The more popular Celtic music gets, the harder it is to find the traditional kind. That’s why The Road Less Traveled (Shanachie) by Danu, a crack Irish band based in County Waterford who take their name from the ancient Celtic earth goddess, is such a treat. The septet consists of Muireann Nic Amhlaoibh on vocals, Donchad Gough on Uilleann pipes and bodran, Tom Dorley on flute and whistle, his brother Eammon Dorley on bouzouki, Benny McCarthy on accordion and melodeon, Oisin McAuley on fiddle, and Donal Clancy on guitar. Split between vivacious dance tunes and Amhlaoibh’s alto singing, these 12 tracks are a purist’s delight.

In the wake of huge success of the O Brother Where Art Thou soundtrack CD, Irish supergroup the Chieftans recently went to Nashville and blended their traditional stylings with bluegrass and country artists there in a crossover album. Cape Breton fiddle whiz Natalie MacMaster has done much the same with her latest release, the 13-track Blueprint (Rounder). Joined by bluegrassers Alison Brown, Bela Fleck, Sam Bush and Jerry Douglas, she mingles the music of both sides of the pond with gratifying results. Here you’ll find old Cape Breton tunes like “Devil and the Dirk” and “The Ewe With the Crooked Horn” alongside not-so-traditional melodic outings such as “Appropriate Dipstick” and “Bela’s Tune.”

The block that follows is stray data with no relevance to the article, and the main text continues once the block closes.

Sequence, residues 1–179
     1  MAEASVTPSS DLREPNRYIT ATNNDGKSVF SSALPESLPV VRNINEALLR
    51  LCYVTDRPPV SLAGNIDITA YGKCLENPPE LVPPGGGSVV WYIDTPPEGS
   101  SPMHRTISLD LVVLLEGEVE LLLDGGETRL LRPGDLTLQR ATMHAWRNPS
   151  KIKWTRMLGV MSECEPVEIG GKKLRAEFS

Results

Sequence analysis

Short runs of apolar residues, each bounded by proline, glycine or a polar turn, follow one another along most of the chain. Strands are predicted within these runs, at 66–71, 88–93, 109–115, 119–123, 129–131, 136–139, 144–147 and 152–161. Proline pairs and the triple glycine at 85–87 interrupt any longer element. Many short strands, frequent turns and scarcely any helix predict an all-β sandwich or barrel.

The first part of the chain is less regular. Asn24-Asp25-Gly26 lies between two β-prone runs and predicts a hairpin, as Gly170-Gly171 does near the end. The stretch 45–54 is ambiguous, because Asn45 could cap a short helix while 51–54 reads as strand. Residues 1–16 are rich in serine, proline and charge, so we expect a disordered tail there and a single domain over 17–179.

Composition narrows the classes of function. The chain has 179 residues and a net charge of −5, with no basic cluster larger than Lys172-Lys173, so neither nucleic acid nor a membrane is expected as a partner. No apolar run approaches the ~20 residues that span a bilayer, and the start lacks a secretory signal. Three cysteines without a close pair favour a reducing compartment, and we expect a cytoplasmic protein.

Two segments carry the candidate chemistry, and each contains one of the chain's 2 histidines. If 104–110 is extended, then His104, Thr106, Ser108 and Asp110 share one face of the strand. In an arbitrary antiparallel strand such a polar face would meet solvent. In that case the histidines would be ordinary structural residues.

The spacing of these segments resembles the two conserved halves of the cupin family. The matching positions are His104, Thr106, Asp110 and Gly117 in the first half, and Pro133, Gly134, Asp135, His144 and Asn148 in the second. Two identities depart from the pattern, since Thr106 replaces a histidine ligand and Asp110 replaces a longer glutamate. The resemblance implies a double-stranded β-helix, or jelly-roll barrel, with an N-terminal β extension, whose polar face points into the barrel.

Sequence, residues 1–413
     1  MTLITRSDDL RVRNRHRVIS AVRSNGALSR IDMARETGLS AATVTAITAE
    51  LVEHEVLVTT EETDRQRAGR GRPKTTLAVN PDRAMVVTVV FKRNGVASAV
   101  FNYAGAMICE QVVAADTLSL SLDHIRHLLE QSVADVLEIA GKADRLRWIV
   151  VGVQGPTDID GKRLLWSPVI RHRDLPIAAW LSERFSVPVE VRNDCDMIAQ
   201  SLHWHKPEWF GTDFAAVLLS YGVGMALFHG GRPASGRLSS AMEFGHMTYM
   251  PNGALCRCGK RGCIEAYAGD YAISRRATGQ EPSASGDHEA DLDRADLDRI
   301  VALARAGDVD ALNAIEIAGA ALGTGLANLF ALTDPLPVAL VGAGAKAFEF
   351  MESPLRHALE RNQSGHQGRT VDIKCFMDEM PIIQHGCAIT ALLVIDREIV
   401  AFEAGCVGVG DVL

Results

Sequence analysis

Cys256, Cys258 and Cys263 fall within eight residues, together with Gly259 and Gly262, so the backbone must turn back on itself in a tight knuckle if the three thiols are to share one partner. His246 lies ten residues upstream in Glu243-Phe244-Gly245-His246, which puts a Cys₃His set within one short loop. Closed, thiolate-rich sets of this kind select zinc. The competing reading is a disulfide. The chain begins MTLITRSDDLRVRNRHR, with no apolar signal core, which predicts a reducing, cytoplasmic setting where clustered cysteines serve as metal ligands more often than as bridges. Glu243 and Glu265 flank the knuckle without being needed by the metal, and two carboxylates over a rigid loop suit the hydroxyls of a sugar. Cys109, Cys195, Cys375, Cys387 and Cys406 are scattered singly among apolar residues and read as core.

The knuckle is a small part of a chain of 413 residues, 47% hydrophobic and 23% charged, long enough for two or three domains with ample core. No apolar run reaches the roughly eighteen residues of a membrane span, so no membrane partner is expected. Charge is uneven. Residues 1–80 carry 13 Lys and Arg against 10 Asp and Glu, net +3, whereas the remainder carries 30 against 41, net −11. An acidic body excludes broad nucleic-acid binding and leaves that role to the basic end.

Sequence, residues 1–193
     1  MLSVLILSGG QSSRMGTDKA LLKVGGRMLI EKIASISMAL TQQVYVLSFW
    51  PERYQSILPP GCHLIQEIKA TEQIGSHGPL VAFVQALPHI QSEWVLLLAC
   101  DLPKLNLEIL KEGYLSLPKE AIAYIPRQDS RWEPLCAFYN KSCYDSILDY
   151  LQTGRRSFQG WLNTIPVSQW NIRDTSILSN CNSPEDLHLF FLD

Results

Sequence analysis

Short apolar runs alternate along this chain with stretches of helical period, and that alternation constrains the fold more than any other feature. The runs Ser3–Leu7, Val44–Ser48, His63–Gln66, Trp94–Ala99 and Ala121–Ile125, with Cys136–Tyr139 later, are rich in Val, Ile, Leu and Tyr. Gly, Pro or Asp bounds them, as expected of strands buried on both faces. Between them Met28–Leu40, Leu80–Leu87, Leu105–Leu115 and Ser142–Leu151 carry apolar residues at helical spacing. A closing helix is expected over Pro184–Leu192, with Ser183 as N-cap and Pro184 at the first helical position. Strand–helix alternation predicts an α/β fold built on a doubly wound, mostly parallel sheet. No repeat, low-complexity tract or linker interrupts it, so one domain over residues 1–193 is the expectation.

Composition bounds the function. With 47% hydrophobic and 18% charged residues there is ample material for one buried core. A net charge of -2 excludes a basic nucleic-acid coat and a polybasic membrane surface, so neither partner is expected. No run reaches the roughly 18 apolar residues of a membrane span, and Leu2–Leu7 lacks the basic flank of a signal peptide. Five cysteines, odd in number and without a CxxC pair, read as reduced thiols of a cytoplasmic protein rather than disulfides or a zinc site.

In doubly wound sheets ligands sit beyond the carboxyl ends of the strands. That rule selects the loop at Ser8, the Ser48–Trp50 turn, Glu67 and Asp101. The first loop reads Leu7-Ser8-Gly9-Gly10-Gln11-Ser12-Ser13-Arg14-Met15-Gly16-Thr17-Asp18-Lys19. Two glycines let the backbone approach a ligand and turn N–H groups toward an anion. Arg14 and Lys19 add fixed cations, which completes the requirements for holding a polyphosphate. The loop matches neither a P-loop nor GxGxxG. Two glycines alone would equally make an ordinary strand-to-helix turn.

“Without Lonnie Donnegan, there wouldn’t have been a British music scene at all,” declared Van Morrison. This year we lost the founder of British skiffle, who, by playing American folk songs on an acoustic guitar and having the audacity to add a bass and drums, inspired the young John Lennon and Paul McCartney to form the Quarrymen and later set the world afire. The 25 tracks of Puttin’ On the Style (Sanctuary) cover the period from 1956, when his single “Rock Island Line” outsold Elvis in England, to 1962. On the day Lennon and McCartney first met, Paul sang the title song to John, and when you listen to Donnegan’s tenor singing you can immediately hear the influence it had on Lennon’s vocals. This is a must have for the folk fan and a worthy tribute to a musical pioneer.

At the Corner of Bleecker and Blues (Rykodisc) is a creatively conceived album that revisits the heyday of the Greenwich Village folk scene during the 1950s and ’60s, when you could drop into venues like the Gaslight or Gerde’s Folk City and catch white urban folksingers or rediscovered blues artists from down South. The 16 tracks of this collection feature famous singers like Woody Guthrie, Leadbelly (whose “Where Did You Stay Last Night,” included here, was covered by Nirvana), and Ramblin’ Jack Eliot as well as lesser-known performers such as Barbara Dane and the Kossoy Sisters.

List of Metroland Articles by Glenn Weiser    ©2003 by Glenn Weiser. All rights reserved.